JavaScript Performance Tip: Precompile Your Regular Expressions

When it comes to speeding up your web applications, the little things can make quite a difference. One of the ways you can improve the performance of your application is by “precompiling” any regular expressions you use. But wait, JavaScript is an interpreted language. How can a regular expression be precompiled? Well, take a look at the following code:

var preCompiledReplaceRegex = /test/g;
    myHtml = "<span>This is a test</span><div>Of a regex</div><p>test</p><em>test</em>";

   myHtml.replace(preCompiledReplaceRegex, 'kittens'); // Compiled Regex

By storing the regex in a variable before using it to replace the word “test” with the word “kittens”, we increase the performance of the code. When a regex is used and not stored in a variable, it gets reevaluated every time the replace method is called. By storing it in a variable before use, we guarantee that the expression only gets evaluated once. Let’s rewrite the above example, but use the regex directly in the call to the replace method:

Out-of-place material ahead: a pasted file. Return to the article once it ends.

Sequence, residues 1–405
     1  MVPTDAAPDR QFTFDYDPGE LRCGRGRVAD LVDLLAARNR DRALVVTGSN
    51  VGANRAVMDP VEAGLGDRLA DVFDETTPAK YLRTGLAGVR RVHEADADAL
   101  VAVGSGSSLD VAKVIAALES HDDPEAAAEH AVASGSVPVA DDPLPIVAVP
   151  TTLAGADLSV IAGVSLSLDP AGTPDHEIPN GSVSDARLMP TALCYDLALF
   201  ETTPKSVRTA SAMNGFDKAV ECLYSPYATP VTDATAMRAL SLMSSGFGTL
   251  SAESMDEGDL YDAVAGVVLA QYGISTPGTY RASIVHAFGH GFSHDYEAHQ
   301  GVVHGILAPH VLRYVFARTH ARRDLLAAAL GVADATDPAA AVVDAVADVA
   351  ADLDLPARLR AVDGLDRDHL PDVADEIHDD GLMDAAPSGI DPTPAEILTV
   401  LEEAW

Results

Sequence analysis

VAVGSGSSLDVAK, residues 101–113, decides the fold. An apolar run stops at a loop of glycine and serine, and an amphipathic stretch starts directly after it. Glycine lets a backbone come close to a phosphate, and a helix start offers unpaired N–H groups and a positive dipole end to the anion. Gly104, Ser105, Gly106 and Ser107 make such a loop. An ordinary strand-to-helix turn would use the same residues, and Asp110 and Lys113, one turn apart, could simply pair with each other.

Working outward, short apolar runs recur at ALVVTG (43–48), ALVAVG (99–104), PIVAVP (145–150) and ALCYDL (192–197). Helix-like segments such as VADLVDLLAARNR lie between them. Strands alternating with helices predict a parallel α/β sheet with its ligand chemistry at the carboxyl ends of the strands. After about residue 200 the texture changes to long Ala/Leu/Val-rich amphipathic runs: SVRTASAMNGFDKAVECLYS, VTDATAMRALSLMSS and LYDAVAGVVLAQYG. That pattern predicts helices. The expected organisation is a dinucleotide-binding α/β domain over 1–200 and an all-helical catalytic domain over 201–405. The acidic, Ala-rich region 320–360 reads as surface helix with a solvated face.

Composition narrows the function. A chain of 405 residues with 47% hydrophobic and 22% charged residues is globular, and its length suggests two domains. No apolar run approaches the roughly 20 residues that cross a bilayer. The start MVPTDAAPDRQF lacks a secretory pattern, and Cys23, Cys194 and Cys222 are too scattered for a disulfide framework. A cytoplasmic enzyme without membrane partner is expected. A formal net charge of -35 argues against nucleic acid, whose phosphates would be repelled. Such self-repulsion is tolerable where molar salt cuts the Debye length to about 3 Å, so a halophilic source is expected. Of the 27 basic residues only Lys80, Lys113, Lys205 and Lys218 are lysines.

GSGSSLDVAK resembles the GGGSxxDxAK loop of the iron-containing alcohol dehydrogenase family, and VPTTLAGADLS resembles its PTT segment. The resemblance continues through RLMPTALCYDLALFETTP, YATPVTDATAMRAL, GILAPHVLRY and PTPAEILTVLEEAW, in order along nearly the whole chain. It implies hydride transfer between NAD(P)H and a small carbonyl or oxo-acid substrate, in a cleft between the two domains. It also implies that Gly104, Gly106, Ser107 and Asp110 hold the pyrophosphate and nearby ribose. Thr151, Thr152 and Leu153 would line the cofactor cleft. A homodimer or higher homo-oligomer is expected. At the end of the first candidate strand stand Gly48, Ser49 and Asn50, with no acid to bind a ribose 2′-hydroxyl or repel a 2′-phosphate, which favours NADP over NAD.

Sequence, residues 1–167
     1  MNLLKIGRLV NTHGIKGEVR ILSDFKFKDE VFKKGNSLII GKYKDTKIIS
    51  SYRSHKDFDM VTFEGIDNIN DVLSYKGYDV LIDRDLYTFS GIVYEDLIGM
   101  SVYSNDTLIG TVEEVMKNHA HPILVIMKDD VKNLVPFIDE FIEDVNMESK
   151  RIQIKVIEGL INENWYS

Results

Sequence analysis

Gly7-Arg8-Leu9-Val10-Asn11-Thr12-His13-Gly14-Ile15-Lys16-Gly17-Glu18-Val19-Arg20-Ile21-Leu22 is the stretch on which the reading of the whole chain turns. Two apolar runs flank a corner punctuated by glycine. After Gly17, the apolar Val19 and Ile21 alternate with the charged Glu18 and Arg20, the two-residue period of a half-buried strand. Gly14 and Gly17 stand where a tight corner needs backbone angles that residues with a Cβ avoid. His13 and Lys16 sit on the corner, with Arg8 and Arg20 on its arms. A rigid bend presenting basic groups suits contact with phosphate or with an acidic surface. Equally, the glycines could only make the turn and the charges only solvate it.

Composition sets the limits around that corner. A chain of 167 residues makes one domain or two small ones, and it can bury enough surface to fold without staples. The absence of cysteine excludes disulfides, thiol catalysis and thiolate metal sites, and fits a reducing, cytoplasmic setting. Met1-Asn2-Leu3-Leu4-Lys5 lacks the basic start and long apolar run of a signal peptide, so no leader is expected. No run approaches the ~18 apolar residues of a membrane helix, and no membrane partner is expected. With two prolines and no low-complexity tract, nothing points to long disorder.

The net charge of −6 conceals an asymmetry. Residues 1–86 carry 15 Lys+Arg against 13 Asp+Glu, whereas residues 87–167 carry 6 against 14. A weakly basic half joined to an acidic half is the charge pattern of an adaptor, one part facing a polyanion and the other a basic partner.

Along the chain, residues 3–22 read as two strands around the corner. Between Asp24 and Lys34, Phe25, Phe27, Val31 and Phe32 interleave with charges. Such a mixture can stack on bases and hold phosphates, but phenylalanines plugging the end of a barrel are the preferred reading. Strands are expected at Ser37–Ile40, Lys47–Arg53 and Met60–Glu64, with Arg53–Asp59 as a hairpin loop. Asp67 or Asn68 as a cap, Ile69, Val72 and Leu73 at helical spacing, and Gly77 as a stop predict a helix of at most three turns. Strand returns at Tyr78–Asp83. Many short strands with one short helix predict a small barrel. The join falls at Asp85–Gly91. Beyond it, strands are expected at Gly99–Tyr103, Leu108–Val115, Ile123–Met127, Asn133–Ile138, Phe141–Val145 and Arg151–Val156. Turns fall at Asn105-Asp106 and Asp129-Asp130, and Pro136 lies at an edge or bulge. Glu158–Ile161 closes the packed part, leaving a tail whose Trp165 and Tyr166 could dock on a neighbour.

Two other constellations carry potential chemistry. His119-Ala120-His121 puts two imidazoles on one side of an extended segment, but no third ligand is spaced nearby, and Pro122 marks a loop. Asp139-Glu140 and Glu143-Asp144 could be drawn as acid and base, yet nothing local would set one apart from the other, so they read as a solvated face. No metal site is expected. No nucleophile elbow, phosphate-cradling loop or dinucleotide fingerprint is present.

var myHtml = "<span>This is a test</span><div>Of a regex</div><p>test</p><em>test</em>";

myHtml.replace(/test/g, "kittens");

When we run these snippets through JsPerf we get the following (in Chrome):

jsPerf regex

Here’s a breakdown of the performance across multiple browsers:

jfperf regex chart

When I ran this test in IE9, JsPerf calculated a 9% speed difference between the precompiled regex vs the non-precompiled one; that’s nothing to sneeze at.